The unthinkable has happened. Okla Elliott has shuffled off this mortal coil. It is also fair to jettison the euphemism and to point out that he died, but the truth is that he accomplished so much and touched so many in his years that he could only have died in the biological sense.
Okla was one of the most brilliant people I have ever met, though one of the most giving. He devoted so much of his limited time on this planet helping other writers in large ways and small. In the few days since his passing, I have been comforted by reading so many anecdotes from writers he took under his wing at a conference or who received hours of counsel about their manuscript.
I started Great Writers Steal on December 2, 2012 out of the same kind of desire to serve the writing community. Even though he was deservedly a zillion times more successful than I am, he was always happy to help out with my endeavors. This, combined with my love of his work, means that there’s a lot of Okla in GWS.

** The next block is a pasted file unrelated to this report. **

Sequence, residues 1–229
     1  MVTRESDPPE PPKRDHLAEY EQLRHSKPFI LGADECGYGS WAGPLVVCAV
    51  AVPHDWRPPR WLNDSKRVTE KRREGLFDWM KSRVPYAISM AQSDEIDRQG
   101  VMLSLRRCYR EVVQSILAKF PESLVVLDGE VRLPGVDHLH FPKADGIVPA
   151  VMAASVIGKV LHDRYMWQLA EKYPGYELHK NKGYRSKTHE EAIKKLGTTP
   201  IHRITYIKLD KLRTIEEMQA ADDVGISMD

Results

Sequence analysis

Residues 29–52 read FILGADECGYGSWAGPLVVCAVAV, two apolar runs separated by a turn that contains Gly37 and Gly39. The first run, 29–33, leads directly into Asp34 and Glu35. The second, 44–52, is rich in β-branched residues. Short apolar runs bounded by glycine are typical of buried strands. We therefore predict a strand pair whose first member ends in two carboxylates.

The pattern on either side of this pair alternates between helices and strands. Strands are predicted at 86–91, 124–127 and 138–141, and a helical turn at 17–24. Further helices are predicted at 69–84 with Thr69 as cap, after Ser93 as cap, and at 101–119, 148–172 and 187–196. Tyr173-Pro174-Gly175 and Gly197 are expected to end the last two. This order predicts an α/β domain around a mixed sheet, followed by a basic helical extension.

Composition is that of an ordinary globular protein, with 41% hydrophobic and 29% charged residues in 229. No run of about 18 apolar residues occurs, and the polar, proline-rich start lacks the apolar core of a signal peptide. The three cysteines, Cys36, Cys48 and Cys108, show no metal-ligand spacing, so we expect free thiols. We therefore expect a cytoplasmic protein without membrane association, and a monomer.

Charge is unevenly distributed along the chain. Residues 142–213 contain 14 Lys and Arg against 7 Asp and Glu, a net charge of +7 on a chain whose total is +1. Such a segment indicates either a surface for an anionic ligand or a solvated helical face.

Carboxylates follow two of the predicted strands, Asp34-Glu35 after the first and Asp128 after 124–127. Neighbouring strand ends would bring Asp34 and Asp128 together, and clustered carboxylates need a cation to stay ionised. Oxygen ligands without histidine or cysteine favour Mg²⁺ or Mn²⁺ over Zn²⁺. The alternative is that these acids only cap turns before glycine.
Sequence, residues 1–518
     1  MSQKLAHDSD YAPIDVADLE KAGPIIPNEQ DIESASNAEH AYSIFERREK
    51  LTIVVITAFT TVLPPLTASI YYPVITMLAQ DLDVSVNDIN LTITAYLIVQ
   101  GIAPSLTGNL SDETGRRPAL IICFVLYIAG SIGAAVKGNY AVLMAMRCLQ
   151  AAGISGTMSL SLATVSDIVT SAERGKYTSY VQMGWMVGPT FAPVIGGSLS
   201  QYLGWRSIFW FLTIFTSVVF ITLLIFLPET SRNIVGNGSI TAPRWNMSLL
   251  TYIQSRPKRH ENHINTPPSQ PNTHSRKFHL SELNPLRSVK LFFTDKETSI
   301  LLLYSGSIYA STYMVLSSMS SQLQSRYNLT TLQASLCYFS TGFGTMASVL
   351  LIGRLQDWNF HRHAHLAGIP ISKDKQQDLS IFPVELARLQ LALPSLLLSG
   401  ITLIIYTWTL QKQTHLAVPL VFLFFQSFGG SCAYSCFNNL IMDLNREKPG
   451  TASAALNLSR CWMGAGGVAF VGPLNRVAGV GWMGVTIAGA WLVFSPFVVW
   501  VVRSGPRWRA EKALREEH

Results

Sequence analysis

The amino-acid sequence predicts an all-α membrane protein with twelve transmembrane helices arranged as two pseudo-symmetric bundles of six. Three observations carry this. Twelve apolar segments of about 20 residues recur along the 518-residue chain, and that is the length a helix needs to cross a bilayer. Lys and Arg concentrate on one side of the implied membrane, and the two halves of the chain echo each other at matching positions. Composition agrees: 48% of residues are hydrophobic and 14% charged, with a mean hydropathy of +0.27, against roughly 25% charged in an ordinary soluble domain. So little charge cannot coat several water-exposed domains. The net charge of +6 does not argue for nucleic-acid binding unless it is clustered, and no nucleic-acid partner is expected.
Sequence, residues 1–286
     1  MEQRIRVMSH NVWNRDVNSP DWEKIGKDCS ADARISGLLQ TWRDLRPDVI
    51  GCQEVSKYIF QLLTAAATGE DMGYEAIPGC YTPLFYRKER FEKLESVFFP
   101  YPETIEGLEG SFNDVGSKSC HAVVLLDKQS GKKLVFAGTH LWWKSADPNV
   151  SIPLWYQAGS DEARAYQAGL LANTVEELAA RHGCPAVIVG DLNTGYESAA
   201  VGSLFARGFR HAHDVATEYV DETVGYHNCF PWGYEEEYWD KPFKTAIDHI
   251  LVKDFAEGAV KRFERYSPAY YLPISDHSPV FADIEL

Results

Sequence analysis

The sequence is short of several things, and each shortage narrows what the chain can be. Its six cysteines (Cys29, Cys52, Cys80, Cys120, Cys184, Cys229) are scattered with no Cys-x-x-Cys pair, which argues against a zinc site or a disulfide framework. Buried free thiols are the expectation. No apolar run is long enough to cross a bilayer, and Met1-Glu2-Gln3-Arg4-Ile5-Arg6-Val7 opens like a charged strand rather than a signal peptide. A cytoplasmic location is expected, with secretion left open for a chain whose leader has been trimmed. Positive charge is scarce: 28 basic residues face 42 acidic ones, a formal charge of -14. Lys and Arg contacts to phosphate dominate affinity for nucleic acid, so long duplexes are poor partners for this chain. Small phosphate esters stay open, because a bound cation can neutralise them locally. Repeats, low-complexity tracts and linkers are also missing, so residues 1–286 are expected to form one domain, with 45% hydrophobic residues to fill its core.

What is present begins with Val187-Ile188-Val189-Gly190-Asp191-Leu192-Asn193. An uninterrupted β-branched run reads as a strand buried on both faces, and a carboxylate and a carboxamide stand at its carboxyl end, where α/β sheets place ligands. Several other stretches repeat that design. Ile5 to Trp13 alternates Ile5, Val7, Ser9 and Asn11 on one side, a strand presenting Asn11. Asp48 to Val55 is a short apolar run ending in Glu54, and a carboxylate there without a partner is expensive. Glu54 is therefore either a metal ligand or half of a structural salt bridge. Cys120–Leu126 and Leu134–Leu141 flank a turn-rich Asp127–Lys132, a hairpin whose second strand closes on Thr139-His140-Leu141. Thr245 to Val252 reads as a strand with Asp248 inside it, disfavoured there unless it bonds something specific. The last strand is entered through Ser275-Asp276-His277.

Here he is on my podcast to talk about his epic novel The Doors You Mark Are Your Own (co-written with Raul Clement):
I featured him in a QuickCraft:
I built upon an argument Okla put forth in an essay about the big MFA debate:
I reviewed his novel for Serving House Journal. He deigned to publish some of my thoughts on As It Ought to Be. You get the point. I am pleased to know that he had affection for me and I certainly returned that affection.
I am very grateful to have known Okla during his all-too-short time on this all-too-often cold and unfeeling planet. Please do yourself a favor and check out his work.
When I was looking for a real writer’s story to reprint in and thereby add value to my collection of essays about the 2012 Best American Short Stories, Okla instantly volunteered one of his own. I’ve changed the price of the book to free; please download and read his story. (You can ignore the bits I wrote.) Download from Amazon here. Download from Kobo here. Download from Barnes & Noble here.
You don’t even need to act on my recommendation. Okla was the best and he earned laurels from the best:
It is somehow unthinkable that life will go on in the face of our loss, but such is the nature of human existence. I was and remain distraught at the news, but Okla (who was as alive as ever mere days ago), would not want us to mourn to excess. He might ask us to remember his kindness, to remember his work, but most of all to remember that those who remain deserve to be treated with human dignity.